IMF Survey: IMF Study Tracks Which Firms Go Global

April 17, 2008

  • Global financial integration surges to record levels in the last few years
  • But relatively few firms and countries make use of world financial markets
  • Firms that do are larger and fast-growing and from larger, open economies

Firms that raise money from overseas capital markets tend to be from larger countries with more open economies and better policies but with worse institutional conditions, according to an IMF study.

IMF Study Tracks Which Firms Go Global

A worker assembles mobile phones in Kamp-Lintfort, Germany; firms from larger, more open economies actively participate in international capital markets (photo: Siemens AG/Getty)

Financial Integration

The study finds that financial integration has increased substantially but the benefits are widely shared by all firms.

The financial market integration of recent years has taken the form of increased cross-border capital flows, tighter links among financial markets, and a greater presence of foreign financial firms around the world. Many of the standard measures of financial globalization—such as gross capital flows and stocks of foreign assets and liabilities—offer insights on an aggregate basis.

But, according to a recent IMF Working Paper, they provide less evidence on how extensive financial integration is, how deep it reaches, and how it comes about. Specifically, these measures do not tell how many firms from how many countries actively participate in major world stock exchanges, what proportion of corporations internationalize, or, most important, why firms internationalize.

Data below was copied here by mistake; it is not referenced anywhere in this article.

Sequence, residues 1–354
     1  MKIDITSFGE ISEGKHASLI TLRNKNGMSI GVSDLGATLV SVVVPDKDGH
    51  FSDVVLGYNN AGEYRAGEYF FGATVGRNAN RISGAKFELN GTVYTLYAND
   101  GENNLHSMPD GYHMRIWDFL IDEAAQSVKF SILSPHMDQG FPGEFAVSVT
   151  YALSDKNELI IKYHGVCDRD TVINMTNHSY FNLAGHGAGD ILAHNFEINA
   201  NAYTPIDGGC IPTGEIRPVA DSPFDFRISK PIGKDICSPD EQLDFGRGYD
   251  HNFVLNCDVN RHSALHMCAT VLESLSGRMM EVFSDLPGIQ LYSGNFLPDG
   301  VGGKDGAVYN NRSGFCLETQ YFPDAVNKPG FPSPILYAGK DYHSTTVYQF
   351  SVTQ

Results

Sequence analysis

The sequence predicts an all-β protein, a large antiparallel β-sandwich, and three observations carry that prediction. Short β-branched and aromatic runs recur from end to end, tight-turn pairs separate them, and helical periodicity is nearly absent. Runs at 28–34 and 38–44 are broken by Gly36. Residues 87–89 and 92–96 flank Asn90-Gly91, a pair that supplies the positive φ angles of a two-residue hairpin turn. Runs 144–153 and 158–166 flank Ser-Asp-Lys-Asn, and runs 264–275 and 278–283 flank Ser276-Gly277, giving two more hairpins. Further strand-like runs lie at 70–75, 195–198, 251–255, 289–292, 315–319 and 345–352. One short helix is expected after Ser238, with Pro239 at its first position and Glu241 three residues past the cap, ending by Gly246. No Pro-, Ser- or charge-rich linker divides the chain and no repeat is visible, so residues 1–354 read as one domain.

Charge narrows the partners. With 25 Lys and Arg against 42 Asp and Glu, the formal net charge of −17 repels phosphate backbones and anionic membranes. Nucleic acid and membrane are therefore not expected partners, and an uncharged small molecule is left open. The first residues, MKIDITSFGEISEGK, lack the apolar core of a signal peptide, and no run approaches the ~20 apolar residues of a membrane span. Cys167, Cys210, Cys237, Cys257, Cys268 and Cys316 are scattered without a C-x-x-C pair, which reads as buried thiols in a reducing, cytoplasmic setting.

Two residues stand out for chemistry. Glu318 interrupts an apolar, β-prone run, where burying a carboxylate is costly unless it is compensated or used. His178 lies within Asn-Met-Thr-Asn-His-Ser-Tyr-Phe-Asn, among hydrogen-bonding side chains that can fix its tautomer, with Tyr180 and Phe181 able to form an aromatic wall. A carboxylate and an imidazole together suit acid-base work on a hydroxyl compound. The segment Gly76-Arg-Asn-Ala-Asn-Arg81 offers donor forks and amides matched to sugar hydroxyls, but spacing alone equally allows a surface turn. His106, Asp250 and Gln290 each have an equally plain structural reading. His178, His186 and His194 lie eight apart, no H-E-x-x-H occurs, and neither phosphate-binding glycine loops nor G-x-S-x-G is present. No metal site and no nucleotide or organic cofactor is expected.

This paper uses a large dataset (of 39,517 firms from 111 countries covering the period 1989-2000) to study the extent of international financial integration by looking at firms' participation in global equity markets. Some 2,500 firms of the 39,000+ firms in the sample are international, about 7 percent on average—with a high of 15 percent for Latin America, followed by 12.7 percent for developed countries and a low of 2 percent for Central and Eastern Europe. Altogether about 63 percent of countries have some degree of internationalization by their firms accessing international equity markets, with the share of countries with international activity the greatest for advanced countries at 76 percent (see table).

This data allows the authors to answer such questions as which country and firm characteristics help or hinder integration with global financial markets.

Which country attributes are important?

While experts agree that domestic stock market development is strongly linked with country (macroeconomic) influences—such as GDP, inflation, and trade openness—these variables also relate to firms' activity in global equity markets in several ways.

One view holds that worse domestic macroeconomic conditions increase the need and desire of firms to tap international markets. Poor domestic markets have long been considered a key reason for capital flight and for greater use by all types of domestic residents and firms of international capital markets. Furthermore, global equity markets offer firms from countries with weak institutional frameworks and lower levels of law and order the ability to "bond" to systems that better protect investor rights.